Also known as Raynaud's syndrome or Raynaud's phenomenon, Raynaud's disease affects 5 to 10 percent of Americans, but only 1 in 10 seek treatment. Females are an estimated nine times more likely to be affected than males.
Fast facts on Raynaud's disease
Here are some key points about Raynaud's disease. More detail and supporting information is in the main article.
- Raynaud's disease is caused by peripheral blood vessels overreacting to cold
- The condition affects 5-10 percent of Americans
- Maurice Raynaud first described the disease in 1862
- Females and people living in colder climates are more often affected
- A capillaroscopy can help diagnose Raynaud's disease
Raynaud's disease causes blood vessels in the hands or feet to overreact to the cold, causing numbness and pain.
Symptoms of Raynaud's disease
Raynaud's disease affects some people when they are exposed to the cold.
When temperatures drop, the blood vessels contract in the fingers or toes. This contraction causes hypoxia, or lack of oxygen, to the affected tissues. Fingers and toes will feel cold to the touch and possibly numb.
Often, the affected area will turn white, then later turn blue. Once the area is warmed and blood flow returns, a tingling sensation may accompany a red flush and, possibly, swelling. There may also be a painful, throbbing sensation.
Toes and fingers are most commonly affected, but Raynaud's can affect the nose, lips, and ears.
Some women may experience Raynaud's phenomenon of the nipples, especially during breastfeeding. It causes severe throbbing, similar to that experienced with a fungal Candida albicans (C. albicans) infection, which can lead to misdiagnosis.
An episode normally lasts around 15 minutes, including the time it takes for the body to normalize.
Causes of Raynaud's disease
Exactly what causes Raynaud's remains unclear, but a hyperactivation of the sympathetic nervous system is known to cause an extreme narrowing of the blood vessels, known as vasoconstriction.
It can happen when the person enters a cold place, opens a freezer, or puts their hands in cold water.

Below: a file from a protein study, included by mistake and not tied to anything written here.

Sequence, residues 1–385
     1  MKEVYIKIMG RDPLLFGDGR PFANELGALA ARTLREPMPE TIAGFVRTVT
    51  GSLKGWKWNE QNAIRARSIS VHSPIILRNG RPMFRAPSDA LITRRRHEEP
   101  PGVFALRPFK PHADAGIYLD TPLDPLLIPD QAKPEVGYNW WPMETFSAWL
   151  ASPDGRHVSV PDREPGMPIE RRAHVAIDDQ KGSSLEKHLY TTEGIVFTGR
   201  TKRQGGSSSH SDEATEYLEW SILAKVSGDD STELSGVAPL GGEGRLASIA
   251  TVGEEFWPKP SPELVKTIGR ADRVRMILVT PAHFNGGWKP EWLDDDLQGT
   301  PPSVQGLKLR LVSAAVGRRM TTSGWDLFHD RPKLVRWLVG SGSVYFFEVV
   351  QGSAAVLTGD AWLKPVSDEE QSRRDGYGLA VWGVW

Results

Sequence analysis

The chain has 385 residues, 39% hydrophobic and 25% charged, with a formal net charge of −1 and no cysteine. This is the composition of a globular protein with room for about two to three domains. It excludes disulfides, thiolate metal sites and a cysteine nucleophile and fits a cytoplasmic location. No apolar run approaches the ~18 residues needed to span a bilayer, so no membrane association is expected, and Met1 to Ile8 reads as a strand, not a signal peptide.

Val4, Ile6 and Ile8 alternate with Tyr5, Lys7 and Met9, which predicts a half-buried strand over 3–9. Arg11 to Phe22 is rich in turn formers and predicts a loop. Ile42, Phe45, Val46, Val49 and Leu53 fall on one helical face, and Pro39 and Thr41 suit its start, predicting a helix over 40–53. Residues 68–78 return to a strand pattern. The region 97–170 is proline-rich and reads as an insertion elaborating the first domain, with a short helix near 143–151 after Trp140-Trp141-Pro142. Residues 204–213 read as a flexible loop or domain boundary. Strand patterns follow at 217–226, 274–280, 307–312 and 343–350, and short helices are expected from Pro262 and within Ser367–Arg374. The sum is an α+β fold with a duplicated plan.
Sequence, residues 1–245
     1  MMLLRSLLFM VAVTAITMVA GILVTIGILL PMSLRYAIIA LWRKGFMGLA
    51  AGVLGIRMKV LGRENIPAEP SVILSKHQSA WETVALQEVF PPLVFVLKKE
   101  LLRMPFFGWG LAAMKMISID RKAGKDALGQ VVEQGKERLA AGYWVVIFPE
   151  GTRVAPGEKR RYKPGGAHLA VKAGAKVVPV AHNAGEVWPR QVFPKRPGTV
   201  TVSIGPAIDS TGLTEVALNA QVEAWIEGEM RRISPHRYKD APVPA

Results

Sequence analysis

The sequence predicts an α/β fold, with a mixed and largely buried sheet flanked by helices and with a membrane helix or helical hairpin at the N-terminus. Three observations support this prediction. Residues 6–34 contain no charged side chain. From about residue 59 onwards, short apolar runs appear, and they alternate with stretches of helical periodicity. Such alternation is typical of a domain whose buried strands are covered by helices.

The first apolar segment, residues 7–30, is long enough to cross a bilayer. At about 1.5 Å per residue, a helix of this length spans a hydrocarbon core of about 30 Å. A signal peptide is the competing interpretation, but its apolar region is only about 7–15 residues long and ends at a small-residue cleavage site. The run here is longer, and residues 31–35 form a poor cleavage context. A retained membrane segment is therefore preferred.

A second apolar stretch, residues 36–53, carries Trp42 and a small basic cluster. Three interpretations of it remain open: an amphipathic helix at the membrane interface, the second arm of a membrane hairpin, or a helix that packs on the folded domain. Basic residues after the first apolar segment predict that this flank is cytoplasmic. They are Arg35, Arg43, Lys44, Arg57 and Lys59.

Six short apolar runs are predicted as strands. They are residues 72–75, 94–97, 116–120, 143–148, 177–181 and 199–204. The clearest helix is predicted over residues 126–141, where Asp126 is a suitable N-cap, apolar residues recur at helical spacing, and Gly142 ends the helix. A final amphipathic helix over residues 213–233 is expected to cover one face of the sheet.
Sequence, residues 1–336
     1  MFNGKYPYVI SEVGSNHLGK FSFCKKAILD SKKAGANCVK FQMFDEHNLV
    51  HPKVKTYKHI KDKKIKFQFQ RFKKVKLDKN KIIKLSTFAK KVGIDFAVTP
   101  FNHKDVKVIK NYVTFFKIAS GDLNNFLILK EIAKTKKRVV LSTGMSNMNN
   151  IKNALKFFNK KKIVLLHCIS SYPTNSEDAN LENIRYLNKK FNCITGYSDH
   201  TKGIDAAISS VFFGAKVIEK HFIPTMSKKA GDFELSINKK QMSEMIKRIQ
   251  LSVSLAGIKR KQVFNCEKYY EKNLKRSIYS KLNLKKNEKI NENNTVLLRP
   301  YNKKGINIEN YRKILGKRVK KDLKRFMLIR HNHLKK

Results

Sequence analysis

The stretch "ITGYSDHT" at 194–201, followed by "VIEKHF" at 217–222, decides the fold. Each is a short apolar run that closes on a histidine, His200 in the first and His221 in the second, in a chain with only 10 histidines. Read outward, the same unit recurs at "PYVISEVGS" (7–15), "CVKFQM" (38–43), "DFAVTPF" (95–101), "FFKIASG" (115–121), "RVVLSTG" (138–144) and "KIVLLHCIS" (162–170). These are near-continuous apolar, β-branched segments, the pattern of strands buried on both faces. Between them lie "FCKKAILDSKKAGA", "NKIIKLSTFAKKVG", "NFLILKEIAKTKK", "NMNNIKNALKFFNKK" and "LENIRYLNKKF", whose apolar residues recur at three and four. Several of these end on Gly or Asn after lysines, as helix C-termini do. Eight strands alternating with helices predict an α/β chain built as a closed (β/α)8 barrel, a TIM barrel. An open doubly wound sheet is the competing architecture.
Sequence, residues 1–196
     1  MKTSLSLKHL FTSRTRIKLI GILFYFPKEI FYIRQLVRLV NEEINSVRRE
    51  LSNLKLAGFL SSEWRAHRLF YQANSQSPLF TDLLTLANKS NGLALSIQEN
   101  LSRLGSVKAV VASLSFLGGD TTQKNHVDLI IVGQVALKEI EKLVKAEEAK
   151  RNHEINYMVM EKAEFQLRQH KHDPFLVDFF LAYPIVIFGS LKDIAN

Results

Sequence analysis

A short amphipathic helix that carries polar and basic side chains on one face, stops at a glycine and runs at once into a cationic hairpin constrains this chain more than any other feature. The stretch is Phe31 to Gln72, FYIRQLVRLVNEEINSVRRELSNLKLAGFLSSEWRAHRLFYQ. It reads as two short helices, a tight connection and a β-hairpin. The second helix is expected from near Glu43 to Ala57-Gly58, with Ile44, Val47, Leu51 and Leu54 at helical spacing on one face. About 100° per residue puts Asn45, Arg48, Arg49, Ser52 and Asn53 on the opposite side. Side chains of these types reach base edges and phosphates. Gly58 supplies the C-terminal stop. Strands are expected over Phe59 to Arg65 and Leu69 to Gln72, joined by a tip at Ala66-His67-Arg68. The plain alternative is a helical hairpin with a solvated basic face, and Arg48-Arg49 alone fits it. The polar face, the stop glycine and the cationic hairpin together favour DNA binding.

Some people experience symptoms when faced with stress, even without an associated drop in temperature.
In healthy individuals, the circulatory system in the extremities, such as the fingers and toes, reacts to conserve heat in cold conditions. The small arteries that supply the skin with oxygen narrow to minimize the amount of heat lost through the exposed skin surface.
In people with Raynaud's disease, this narrowing is excessive. This is what causes the blood vessels almost to shut down.
There are two types of Raynaud's disease: Primary and secondary.
Primary Raynaud's, or Raynaud's disease, is more common, and it affects people who do not have a secondary medical condition.
Secondary Raynaud's, or Raynaud's phenomenon or syndrome, results from an underlying medical issue. It is less common and tends to be more serious.
Causes of secondary Raynaud's include:
Diseases of the arteries: Atherosclerosis, a build-up of plaque in blood vessels, or Buerger's syndrome, a disorder where blood vessels in the hands and feet become inflamed, can cause Raynaud's symptoms. Primary pulmonary hypertension has also been linked to the disease.
Diseases of the connective tissue: Most people with scleroderma, a disease leading to hardened skin, have Raynaud's disease. The symptoms are commonly linked to lupus, rheumatoid arthritis, and Sjogren's syndrome, an autoimmune disease affecting glands.
Repetition or vibration: People whose hobbies or jobs require repetitive movements, such as typing or playing the guitar or piano, are at risk of developing Raynaud's symptoms. Those whose jobs involve using vibrating tools, such as a jackhammer, are also at risk.
Carpal tunnel syndrome: This condition puts pressure on the nerves traveling to the hand, and it increases susceptibility to Raynaud's symptoms.
Medications: Drugs that can induce Raynaud's include beta blockers, migraine medications containing ergotamine or sumatriptan, ADHD medications, some chemotherapy drugs, and some over-the-counter cold remedies.
Exposure to certain substances: Smoking narrows blood vessels and is a possible cause of Raynaud's. Other chemicals, such as vinyl chloride, may also play a role.
Injuries: Raynaud's can start after injuries such as frostbite, a broken wrist, or local surgery.
Raynaud's tends to affect females more than males. Primary Raynaud's normally starts between the ages of 15 years and 25 years, and secondary Raynaud's between 35 and 40 years.